Dilip Kumar, often referred to as the “Tragedy King,” named after the genre of roles he normally played, was an actor of multiple eras: the 1940’s, 50’s and 60’s. While Hollywood’s hunky heartthrob, Marlon Brando lit up the big screen in the West, Kumar earned the equivalent title in the East. In fact, it was his captivating good looks that got him into the Indian film industry in the first place. Whether we call him ‘hot’ or as the residents of India would say, ‘he looks smart,’ the end result is the same: Dilip Kumar captivated the hearts of film-goers for decades.

This original Devdas hottie-hero proved his impeccable taste when he married actress, Saira Banu in 1966. Banu, known as the ‘beauty queen’ of Indian films sizzled up the big screen as one of the first actresses who ever dared to do the unthinkable—expose bare skin. Her controversial swimsuit in the film April Fool may not have earned her the actress of the year award but it definitely won her a hot n’ sexy reputation. We can see the evolution of beauty in full force here. Innocence, simplicity, and elegance were now being pushed out of the way for ‘hot n’ steamy’ ‘sexy’ and ‘daring.’ Known for her mod capri pants and cat lined eyes; Banu was definitely a ‘hottie’ of her time.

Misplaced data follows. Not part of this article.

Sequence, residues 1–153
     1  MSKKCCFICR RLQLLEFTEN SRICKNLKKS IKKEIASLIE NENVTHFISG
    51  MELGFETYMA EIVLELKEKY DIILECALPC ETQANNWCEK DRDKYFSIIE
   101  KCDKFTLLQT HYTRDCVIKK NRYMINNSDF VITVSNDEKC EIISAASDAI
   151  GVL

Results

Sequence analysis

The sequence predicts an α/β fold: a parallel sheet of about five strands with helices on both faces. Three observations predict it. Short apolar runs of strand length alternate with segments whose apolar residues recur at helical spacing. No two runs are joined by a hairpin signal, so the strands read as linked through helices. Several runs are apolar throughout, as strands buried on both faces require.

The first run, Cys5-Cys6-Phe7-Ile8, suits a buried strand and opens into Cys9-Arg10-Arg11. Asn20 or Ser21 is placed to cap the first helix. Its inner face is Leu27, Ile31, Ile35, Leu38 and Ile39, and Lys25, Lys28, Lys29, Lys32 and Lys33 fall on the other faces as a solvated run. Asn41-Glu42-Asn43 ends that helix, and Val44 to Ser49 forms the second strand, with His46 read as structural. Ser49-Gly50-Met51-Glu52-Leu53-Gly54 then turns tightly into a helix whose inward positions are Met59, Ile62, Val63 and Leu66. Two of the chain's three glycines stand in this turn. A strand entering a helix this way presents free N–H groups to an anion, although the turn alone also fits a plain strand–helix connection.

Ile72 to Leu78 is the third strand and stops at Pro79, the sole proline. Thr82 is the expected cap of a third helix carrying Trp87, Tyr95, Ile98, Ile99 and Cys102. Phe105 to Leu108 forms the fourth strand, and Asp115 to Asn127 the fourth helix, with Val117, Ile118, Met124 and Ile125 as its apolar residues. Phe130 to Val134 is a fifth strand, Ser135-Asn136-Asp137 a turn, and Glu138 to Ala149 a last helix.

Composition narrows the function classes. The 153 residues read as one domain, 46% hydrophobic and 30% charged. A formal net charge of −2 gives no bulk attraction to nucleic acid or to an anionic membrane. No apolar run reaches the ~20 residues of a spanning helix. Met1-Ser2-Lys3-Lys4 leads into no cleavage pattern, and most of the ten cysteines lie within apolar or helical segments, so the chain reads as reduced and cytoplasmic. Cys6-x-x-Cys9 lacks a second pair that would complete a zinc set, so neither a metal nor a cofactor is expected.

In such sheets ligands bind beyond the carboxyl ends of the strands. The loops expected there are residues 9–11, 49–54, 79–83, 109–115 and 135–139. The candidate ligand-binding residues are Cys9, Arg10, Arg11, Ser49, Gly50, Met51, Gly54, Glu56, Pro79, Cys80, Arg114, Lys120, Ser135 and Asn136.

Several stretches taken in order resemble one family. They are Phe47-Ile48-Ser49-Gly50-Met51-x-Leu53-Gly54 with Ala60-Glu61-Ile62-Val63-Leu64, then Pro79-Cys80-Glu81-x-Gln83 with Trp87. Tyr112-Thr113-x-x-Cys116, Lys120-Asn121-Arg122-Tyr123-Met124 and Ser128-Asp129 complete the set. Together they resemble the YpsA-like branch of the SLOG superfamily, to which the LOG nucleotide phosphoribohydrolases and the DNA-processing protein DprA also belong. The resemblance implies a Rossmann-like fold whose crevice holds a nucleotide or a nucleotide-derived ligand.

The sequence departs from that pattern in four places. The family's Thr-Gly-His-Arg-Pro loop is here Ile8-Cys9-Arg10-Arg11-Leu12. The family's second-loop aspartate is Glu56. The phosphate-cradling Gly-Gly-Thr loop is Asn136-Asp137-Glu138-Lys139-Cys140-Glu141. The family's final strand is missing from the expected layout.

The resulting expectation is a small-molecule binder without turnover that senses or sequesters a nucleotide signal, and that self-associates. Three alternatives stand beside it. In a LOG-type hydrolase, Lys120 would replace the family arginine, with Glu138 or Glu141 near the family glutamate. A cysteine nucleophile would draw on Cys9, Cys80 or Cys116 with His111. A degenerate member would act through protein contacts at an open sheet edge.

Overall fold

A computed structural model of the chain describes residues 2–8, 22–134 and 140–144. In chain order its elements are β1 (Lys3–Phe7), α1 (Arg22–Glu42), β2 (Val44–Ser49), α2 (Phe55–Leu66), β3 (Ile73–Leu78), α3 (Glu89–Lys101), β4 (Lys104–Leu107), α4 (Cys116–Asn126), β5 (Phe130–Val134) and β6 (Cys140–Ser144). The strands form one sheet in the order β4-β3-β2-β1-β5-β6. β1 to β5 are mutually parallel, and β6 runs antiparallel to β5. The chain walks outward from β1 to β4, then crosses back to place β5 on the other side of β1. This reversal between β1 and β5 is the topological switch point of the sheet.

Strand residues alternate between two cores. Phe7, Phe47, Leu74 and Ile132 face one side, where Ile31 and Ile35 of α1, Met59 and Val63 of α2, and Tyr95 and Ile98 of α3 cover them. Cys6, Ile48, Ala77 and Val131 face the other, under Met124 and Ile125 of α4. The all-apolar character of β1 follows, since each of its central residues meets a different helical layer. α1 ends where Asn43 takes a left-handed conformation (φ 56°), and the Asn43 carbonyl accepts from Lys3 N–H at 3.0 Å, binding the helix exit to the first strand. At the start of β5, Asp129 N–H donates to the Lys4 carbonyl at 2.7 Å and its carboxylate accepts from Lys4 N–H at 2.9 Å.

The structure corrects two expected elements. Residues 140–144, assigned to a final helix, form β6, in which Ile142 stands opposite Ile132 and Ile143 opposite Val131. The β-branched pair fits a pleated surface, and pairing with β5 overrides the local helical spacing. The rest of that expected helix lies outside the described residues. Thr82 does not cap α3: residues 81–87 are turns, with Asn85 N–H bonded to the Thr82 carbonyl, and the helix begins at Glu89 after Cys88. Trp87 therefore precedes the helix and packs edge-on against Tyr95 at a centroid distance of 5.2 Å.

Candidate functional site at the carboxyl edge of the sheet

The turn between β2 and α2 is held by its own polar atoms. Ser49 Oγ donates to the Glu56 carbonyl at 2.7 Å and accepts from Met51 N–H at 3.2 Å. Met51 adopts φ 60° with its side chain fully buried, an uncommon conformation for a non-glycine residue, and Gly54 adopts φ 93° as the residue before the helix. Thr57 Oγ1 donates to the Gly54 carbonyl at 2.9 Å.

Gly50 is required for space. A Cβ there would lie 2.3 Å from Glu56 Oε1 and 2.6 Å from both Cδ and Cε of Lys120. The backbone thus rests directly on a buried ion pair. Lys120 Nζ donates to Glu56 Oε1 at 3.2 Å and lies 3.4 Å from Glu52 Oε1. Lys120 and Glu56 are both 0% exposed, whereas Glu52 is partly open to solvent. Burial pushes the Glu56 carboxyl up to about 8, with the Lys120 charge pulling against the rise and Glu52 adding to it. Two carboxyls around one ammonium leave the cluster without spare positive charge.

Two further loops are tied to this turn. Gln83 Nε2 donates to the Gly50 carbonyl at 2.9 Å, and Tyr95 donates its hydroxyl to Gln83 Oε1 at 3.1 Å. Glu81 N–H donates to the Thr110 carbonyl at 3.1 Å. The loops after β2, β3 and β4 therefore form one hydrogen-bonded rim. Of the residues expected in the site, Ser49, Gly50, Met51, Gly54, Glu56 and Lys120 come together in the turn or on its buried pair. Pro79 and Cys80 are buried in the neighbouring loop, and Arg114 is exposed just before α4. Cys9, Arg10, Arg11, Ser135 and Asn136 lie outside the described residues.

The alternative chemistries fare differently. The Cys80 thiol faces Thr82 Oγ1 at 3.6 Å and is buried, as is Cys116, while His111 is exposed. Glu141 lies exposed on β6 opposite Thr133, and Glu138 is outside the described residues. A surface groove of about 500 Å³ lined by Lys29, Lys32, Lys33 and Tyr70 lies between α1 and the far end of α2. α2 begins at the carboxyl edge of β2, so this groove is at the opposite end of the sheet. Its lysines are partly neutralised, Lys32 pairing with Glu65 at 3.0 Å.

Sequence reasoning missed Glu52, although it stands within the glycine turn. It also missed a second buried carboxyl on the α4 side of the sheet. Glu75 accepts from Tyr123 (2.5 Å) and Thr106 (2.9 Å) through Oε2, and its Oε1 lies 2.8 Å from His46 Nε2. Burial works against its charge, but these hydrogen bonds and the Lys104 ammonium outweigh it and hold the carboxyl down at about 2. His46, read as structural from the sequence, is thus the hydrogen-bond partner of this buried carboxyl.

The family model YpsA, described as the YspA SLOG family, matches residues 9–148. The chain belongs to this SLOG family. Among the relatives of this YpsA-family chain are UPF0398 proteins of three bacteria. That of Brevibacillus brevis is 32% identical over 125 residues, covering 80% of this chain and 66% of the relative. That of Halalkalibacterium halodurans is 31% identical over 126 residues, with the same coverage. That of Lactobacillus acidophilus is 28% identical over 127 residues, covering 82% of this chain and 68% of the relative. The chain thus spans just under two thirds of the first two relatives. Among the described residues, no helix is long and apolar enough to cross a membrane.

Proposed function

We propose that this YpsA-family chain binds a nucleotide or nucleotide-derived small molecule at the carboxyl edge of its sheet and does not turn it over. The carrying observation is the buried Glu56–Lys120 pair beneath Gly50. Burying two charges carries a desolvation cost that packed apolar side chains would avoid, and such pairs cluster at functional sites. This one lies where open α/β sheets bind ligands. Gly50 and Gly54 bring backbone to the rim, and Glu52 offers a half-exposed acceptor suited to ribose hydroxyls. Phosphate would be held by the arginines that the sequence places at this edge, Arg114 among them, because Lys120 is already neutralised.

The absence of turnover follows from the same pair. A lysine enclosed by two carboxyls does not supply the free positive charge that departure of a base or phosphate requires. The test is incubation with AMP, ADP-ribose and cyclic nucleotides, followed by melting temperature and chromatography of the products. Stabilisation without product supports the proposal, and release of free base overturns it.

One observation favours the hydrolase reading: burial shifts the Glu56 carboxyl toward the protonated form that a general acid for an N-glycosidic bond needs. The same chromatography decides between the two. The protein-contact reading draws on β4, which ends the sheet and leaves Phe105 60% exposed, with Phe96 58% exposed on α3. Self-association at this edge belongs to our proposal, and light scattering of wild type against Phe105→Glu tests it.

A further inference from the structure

Zeenat Aman introduced western beauty to audiences in South Asia. Sultry and sexy, as opposed to the more conservative stars of that era, Aman was definitely considered to be what we call today, ‘a hot chick.’ Satyam Shivam Sundaram, a film released in 1978 by Raj Kapoor may not have broken box office history, but it did break tradition. Showing off her slim body and barely-there curves, Aman continued to break cultural boundaries by wearing a two-piece bikini in the hit film, Qurbani (1980). To say she looked good is an understatement.

Rajesh Khanna, the Carey Grant of India, was a sex symbol throughout the 1970’s. His fans were often seen kissing his car, leaving him imprints of their lipstick as tokens of their affection. Loyal female fans also spread their Desi love by chanting his name while some even sent him letters written in their own blood. Notoriously known for his infamous wink on the big screen and his full wavy hair, Khanna showed us that handsome could be coupled with sex appeal.

The men who were considered hot also included the bad boys of Indian cinema as seen with Vinod Khanna, Shatrughan Sinha, and Amjad Khan. After all, even today, the memory of the Khan’s infamous bad guy Gabbar Singh, in Sholay, lives on.